reflections from the southeast PA rural underground
Wednesday, December 10, 2008
To Our Lady of the Wood
He had taken deathlife the day before in the mid-morning hours. This time had not been the usual day-long marathon of past seasons. He wanted to suffer, he said to me, "for the craft." But in just two days and 9 hours of shivering cold he had taken two female deathlifes. This time the suffering would come after the hunt.
When I arrived she was hung from the tree by her two front legs. Her head fell back lifeless now. The brown, white, and black coat that had sheltered her from these cold winter days was now stripped. I could see only the remnants of the fur around her four ankles and hooves. Deathlife was white bone and bright red flesh. The muscles had frozen from hanging outside in the frigid night air of early December. Her coat lay draped over the blue metal summer chair that sat just to the right of her body.
He commented on the amount of fat stretching across her back. "She must have been eating really well," he said. "Yeah, corn and soybeans are everywhere," I responded. How many fields had this deathlife known? What dreams had she conjured in the minds of those that had been lucky enough to see her and pondered at that moment, or in a later reflection, the magic of her beauty? And too, how many had glanced without even the slightest reverence for the creature they had just witnessed? How many times had she lept and bounded through stream and over rock and wood? Such a mighty strength she had mastered in her muscular legs and back! Such keen eyes and ears.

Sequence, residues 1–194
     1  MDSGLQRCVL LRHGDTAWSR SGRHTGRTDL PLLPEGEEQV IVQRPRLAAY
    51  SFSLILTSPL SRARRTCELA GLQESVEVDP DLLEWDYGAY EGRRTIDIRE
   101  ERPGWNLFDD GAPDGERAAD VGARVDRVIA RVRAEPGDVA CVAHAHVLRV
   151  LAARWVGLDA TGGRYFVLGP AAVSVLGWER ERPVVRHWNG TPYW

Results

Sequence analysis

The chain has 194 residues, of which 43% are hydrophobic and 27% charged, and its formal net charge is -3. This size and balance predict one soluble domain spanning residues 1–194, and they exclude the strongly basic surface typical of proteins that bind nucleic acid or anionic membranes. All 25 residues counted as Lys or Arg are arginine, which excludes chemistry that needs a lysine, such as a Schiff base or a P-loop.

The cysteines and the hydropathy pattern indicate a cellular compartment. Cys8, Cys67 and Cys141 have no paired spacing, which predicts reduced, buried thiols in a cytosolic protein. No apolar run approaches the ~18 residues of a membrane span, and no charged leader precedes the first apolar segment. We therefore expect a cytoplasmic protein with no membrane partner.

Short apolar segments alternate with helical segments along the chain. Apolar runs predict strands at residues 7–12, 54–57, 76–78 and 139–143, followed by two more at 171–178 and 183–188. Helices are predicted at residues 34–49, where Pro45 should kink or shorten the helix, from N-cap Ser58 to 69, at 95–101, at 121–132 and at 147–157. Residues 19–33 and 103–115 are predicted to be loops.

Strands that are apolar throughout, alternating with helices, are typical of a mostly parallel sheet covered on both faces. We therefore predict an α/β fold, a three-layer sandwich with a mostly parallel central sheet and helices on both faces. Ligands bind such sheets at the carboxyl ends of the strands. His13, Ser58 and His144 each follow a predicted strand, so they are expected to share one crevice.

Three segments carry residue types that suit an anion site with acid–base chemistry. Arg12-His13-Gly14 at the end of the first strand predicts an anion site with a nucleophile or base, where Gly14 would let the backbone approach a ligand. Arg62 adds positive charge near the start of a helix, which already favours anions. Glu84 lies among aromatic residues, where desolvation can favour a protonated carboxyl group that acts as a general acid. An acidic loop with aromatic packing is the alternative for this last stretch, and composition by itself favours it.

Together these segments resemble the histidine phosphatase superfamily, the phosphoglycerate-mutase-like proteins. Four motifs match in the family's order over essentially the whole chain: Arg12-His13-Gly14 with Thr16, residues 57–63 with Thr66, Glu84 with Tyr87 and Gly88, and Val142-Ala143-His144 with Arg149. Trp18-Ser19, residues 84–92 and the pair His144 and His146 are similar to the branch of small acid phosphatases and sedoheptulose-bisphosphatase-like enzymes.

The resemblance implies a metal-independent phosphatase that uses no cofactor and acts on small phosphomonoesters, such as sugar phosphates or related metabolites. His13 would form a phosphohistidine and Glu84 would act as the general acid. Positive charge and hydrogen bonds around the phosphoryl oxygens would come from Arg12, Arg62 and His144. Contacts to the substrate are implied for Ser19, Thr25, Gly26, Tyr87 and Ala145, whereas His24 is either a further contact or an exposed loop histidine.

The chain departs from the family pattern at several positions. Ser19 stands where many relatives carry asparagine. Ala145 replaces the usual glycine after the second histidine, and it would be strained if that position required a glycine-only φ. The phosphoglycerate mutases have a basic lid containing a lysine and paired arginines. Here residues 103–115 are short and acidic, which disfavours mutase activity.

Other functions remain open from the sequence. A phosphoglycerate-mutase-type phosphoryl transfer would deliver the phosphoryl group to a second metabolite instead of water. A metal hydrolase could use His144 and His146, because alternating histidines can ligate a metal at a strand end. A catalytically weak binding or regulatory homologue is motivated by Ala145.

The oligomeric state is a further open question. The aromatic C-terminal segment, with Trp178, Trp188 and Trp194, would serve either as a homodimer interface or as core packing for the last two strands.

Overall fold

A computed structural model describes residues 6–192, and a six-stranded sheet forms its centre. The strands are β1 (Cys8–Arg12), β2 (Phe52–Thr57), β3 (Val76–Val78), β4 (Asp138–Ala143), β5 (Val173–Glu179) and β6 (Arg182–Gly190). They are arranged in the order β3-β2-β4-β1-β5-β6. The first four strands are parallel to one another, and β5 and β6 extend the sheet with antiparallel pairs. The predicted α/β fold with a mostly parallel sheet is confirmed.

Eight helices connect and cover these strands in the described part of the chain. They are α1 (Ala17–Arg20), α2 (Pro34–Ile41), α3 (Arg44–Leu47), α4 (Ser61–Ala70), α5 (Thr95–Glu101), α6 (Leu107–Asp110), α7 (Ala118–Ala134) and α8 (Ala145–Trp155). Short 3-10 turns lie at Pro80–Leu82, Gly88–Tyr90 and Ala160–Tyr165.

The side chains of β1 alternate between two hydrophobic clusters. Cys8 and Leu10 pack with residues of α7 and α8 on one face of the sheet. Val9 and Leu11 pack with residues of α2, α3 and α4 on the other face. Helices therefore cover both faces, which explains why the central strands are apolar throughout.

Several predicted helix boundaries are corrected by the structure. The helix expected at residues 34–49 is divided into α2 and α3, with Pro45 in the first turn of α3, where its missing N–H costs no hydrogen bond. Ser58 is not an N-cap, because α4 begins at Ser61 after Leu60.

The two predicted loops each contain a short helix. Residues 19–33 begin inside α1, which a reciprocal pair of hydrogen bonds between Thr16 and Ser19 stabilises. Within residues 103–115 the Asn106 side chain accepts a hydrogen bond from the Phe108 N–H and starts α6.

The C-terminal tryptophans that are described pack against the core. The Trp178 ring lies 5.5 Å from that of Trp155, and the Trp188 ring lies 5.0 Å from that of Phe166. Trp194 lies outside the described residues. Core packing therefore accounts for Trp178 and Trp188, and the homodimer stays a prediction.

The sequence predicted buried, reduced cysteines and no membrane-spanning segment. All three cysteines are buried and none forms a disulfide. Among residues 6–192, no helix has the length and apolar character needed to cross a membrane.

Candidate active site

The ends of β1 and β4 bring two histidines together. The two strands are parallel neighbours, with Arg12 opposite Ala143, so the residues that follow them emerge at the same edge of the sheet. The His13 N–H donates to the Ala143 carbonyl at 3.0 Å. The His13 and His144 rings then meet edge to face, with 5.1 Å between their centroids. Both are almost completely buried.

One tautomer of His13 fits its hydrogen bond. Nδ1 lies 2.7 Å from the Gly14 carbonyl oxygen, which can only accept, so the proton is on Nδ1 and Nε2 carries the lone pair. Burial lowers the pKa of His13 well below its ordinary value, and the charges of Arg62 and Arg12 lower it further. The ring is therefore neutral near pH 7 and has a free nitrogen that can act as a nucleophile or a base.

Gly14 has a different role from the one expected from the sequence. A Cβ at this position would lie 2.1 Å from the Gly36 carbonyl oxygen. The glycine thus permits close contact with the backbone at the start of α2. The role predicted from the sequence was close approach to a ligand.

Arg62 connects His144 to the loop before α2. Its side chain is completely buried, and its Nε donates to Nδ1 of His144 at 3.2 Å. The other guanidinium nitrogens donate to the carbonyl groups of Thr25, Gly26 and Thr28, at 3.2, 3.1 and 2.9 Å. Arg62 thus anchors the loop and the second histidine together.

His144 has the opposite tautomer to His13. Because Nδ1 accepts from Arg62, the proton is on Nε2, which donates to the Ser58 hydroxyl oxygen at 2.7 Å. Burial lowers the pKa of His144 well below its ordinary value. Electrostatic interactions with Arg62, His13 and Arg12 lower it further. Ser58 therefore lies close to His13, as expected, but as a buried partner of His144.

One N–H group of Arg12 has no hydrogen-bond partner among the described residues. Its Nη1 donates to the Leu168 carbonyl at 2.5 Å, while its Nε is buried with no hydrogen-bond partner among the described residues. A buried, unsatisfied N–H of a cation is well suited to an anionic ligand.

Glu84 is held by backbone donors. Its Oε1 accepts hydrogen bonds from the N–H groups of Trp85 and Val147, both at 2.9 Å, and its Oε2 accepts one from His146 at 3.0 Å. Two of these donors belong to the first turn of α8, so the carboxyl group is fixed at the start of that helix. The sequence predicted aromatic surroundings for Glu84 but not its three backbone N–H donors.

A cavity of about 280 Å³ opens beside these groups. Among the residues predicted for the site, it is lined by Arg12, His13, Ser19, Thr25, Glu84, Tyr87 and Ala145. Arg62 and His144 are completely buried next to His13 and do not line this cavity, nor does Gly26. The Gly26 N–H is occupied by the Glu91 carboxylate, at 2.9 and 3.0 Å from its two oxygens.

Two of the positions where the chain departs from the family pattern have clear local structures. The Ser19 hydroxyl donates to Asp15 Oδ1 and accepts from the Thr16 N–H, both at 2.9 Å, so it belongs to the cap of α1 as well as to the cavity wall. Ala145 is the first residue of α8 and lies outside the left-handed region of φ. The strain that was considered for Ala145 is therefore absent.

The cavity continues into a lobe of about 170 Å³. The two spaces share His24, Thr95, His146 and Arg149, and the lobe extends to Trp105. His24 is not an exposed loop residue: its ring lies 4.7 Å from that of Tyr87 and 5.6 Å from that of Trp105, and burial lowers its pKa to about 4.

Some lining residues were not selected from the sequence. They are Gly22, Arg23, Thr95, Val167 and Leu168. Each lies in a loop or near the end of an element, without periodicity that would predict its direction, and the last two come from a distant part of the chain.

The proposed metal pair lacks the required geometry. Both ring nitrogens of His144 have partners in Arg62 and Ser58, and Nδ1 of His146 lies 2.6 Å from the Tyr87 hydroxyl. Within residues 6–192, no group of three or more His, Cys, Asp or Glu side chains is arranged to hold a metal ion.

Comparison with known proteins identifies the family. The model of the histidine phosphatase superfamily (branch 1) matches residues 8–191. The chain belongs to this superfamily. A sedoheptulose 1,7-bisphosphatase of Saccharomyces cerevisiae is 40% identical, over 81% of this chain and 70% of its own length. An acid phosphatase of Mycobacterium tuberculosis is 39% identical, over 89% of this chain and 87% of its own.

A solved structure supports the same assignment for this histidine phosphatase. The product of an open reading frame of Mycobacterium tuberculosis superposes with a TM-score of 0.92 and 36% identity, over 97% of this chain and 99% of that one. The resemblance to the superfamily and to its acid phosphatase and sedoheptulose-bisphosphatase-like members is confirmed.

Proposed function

"Look at the amazing black patch just behind her nose," he said. "She was such a beautiful girl." I could not stop looking at that head which now rested like some unknown thing on the bed of dead maple leaves on the ground. The eyes now lifeless as the sky above. Gray and clouded over. As I sturdied the frozen rib cage so that he could cut off the bottom right leg I noticed my hands start to burn with cold. This was only appropriate after all. It was the least I could suffer to be saved from death with this life.